EX: If you do charity work for the wrong reasons, like for the sole purpose of getting into heaven, instead of doing the work out of love for god and ones neighbor than it doesn't count because the intention is bad.
0 Replies
 
Eorl
 
  1  
Reply Mon 29 Nov, 2010 07:54 pm
@Setanta,
I have the notion that they believe there is a "Something" but don't presume to know what. So to limit the options to a single Something would conflict with that. (I think they use the word God for simplicity, but are ultimately open to anything under cross-examination).
Personally I think they are just atheists who are horrified at the idea of being atheism.
IRFRANK
 
  1  
Reply Mon 29 Nov, 2010 09:29 pm
Just what is the opinion of the recent case of the woman in Pakistan who may be executed for blasphemy. I know, it's not the religion, it's the people. But where is the outrage by the 'good' religious leaders? She will not be killed by an angry, crazy mob, but by the government. Absolutely disgusting and justifies action of some sort by any reasonable, thinking people. And I would expect more action than just talk.

That anyone can be imprisoned or executed for words of any sort is outrageous, yet it is tolerated across the globe.
Eorl
 
  1  
Reply Mon 29 Nov, 2010 10:42 pm
@IRFRANK,
But IRFRANK, we are told we must respect those beliefs!

Not me, I'll side with Sam Harris thanks.
Fil Albuquerque
 
  1  
Reply Mon 29 Nov, 2010 10:50 pm
@IRFRANK,
a pragmatic approach would advise you to explains us 2 things...

First, why do you think it is tolerated now and allays has been since ever, and second, why we could n´t truly, honestly do anything about it, also since ever...its just easy dishonest to leave it like that... either you have a miraculous solution for it, or you are just one more to complain in vain...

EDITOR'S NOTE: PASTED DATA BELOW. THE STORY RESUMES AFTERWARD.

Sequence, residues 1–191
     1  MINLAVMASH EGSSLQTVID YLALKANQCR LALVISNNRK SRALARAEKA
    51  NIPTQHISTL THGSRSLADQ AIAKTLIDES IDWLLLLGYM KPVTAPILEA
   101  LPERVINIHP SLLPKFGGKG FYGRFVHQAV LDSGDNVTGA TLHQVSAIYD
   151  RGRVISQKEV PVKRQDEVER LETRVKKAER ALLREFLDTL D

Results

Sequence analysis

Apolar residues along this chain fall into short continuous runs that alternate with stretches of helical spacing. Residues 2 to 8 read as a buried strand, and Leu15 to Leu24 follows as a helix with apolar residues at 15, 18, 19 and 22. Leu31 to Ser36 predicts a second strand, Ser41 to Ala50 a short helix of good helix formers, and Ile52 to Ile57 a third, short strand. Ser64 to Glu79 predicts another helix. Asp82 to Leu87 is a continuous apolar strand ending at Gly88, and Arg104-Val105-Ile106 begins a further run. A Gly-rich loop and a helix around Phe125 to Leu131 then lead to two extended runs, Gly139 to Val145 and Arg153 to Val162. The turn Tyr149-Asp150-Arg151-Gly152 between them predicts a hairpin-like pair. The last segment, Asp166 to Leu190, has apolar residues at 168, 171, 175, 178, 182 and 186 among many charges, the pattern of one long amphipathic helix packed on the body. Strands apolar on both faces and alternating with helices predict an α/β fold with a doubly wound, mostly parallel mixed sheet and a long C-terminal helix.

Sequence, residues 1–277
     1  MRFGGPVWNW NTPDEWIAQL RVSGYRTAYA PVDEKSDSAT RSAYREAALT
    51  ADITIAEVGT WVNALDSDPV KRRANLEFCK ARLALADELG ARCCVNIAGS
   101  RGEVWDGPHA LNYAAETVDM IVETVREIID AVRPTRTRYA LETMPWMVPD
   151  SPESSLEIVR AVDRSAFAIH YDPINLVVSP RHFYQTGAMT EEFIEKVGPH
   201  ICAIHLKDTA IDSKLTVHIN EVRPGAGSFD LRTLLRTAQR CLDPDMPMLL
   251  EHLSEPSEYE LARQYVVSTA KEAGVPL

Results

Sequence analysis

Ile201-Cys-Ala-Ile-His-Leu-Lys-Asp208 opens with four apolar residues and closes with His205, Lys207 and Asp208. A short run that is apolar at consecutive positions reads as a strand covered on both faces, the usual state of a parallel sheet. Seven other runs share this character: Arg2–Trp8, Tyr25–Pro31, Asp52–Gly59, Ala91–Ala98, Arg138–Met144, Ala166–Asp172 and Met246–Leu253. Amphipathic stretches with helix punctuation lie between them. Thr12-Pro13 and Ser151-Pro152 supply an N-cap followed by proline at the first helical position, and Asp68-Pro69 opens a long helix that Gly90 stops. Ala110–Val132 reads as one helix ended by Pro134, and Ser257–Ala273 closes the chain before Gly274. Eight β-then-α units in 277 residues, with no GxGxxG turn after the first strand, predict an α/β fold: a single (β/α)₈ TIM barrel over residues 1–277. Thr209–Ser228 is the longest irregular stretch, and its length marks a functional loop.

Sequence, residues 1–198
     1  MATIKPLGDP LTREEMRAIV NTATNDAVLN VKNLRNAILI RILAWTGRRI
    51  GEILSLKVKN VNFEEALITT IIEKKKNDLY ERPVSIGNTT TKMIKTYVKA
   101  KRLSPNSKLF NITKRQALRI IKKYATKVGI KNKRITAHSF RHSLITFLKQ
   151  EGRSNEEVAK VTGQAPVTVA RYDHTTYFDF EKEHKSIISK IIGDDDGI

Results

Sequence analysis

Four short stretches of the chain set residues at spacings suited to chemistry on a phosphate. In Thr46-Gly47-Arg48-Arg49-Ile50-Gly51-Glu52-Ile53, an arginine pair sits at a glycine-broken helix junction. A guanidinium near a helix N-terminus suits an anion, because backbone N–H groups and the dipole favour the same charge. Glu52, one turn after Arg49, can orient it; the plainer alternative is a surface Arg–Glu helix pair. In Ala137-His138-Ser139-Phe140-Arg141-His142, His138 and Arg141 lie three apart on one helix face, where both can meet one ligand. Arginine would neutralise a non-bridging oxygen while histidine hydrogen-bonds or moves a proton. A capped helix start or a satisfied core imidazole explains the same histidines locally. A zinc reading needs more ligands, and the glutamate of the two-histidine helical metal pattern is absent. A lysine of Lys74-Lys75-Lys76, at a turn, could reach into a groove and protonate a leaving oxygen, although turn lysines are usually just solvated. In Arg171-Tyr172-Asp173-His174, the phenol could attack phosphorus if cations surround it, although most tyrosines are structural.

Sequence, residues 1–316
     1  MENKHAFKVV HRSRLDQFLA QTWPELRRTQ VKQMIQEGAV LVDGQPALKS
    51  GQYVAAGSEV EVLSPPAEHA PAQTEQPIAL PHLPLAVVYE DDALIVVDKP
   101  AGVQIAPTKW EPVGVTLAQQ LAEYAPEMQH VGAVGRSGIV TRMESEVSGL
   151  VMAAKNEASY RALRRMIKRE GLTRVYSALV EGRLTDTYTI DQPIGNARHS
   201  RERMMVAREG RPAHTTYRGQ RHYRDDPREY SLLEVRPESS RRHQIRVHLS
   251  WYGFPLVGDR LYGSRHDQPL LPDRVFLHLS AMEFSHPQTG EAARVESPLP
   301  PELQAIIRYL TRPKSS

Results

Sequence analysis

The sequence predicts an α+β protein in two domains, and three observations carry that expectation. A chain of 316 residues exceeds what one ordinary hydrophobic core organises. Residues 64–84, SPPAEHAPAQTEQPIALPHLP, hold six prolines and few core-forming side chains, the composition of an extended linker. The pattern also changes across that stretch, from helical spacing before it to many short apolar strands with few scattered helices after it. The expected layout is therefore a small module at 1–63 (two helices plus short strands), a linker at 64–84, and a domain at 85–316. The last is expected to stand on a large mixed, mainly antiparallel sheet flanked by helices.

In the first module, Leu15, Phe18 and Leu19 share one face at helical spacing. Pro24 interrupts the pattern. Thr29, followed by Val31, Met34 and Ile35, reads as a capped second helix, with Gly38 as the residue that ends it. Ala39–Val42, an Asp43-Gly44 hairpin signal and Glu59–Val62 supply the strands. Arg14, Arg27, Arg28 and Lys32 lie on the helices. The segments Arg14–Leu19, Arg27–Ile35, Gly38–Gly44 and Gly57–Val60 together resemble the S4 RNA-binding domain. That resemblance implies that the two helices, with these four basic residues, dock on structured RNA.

Pemerson
 
  1  
Reply Mon 29 Nov, 2010 11:03 pm
I don't have any idea of what God actually is, or isn't, and don't feel it necessary to discuss this word (it is only a word!) But I feel pretty close when I see or hear something that is exquisitely perfect. A perfect day, a beautiful song, flowers in all their glory, horses running with tail up and mane flowing. A high school band playing, majorettes strutting (doesn't much happen now), any marching music, good music of any kind. Loving someone, or a precious pet. Dancing. A perfect poem. Singing. When any one of us does something really well, perfect.

How in the world would you describe a feeling? Poets and writers try. Songwriters try. David Thoreau did pretty well. I don't find that in religions, unless it is the singing, and always, beautiful music.
Render
 
  1  
Reply Mon 29 Nov, 2010 11:24 pm
@NoOne phil,
NoOne phil wrote:


Does one believe in what they know or what they do not know? Is it ignorance by which man live's or by knowledge?
Would anyone claim that food that they do not have is food that conducts to one's health?
Or air which one cannot breath, that which is the good air?

How can one believe in a religion that demands that one lies? That the good is that which one can neither know nor possess--when scripture records just the opposing sentiments of what religions preach?

Remove the rift between scripture and religion before you try to remove the rift between man and man. This is just another application of 'remove the beam from your own eye before you try to remove it fronm another.'

If God thought it was all fire important that people should believe in what ever it is, it could remedy that problem in short order. I suspect one is chasing their own tail in all this.


All I can say is that your ontological assumptions impose quietism for myself in this 'debate'.
0 Replies